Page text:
Cry for gov’t aid as they reel from fierce competition, high output cost
Community bakers on Sunday asked the government to standardize bread prices—to at least P4 per piece for regular pandesal, or 100 percent of current prices—and adjust them to inflation to stop the pandesal industry from dying.
This comes on the heels of the Philippine Association of Flour Millers Inc. asking the government to reduce tariffs on imported ingredients for bread production to help stabilize the price of local bread.
Last month, local bread makers warned that prices of budget bread would increase by at least P2 per pack as manufacturers could not keep up with the rising cost of ingredients, especially flour.
The Philippine Baking Industry Group, which said it has experienced an increase in flour prices following a rise in demand, has also asked the Trade and Industry Department if they could raise their prices.
Chavez said a few of the remaining community bakers were barely surviving the crisis caused by the COVID-19 pandemic and Russia’s invasion of Ukraine and turned to downsize the weight of their pieces of bread, especially pandesal.
Regular pandesal currently sells at P2 to P2.50 per piece, while jumbo pandesal costs about P5.
He said that based on real value, the pricing should be P4 per piece for regular pandesal and P8 for jumbo pandesal, all things considered.
Inflation-adjusted, the price should be P5 and P10 each, respectively, he said.
The APP said regular-sized pandesal should weigh about 35 to 38 grams a piece, but the crisis compelled bakers to scrimp on weight instead of increasing the price. It said that while pandesal sells at the same price, it is lighter at 18 grams apiece.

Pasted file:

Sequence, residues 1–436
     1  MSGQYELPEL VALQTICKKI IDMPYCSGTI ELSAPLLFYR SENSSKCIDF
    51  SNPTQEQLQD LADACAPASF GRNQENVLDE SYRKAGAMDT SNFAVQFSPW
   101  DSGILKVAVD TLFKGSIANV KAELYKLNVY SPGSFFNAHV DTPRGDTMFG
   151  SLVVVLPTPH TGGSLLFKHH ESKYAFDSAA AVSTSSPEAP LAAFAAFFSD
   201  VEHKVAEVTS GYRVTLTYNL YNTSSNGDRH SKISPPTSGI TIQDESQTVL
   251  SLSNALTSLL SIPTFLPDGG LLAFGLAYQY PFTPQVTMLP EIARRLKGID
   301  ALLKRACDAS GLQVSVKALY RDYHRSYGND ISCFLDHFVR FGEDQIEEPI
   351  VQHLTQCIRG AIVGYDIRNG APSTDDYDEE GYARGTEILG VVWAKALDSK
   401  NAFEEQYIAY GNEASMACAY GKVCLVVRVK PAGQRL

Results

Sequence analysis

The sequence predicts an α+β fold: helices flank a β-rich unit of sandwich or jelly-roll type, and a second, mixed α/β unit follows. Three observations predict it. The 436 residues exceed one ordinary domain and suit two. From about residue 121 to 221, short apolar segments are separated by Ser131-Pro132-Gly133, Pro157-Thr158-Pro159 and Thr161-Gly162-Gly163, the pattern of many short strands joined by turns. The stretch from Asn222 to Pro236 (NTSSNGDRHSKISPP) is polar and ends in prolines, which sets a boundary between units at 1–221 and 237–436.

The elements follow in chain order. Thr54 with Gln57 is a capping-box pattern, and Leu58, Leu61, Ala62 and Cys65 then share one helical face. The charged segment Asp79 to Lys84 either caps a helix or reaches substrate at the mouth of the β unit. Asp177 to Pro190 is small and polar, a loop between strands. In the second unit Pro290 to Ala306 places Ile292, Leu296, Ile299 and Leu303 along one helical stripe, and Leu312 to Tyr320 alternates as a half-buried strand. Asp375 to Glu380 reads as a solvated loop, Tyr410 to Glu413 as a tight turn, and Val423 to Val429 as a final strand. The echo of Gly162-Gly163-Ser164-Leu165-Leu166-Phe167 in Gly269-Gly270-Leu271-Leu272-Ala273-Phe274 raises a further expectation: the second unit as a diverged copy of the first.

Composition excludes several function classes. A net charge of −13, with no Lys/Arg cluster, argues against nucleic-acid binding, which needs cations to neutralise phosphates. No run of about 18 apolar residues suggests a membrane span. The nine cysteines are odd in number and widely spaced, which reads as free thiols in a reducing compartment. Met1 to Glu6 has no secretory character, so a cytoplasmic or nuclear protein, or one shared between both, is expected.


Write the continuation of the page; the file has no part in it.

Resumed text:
Lunar said almost 20 percent of community bakers already closed shop and said this could easily go up to 50 percent.
The APP said the share of community bakers to overall pandesal producers shrank to 19 percent from 40 percent in less than three years.
Senator Imee Marcos has encouraged the government to find new suppliers of wheat and develop the production of non-wheat flours to prevent sudden spikes in the prices of bread and noodles that are staples of the Filipino diet.
But Russia’s invasion of agricultural power Ukraine has severely disrupted the global wheat market, prompting warnings that the conflict could lead to hunger in some countries.
According to the Philippine Statistics Authority, the country’s headline inflation rate in June 2022 was at 6.1 percent — a three-year high since November 2018’s 6.1 percent and October 2018’s 6.9 percent.
The PSA said the higher inflation rate was brought about by the higher annual growth rate in the prices of food and non-alcoholic beverages which saw a rise from 4.9 percent in May 2022 to 6.0 percent in June 2022.
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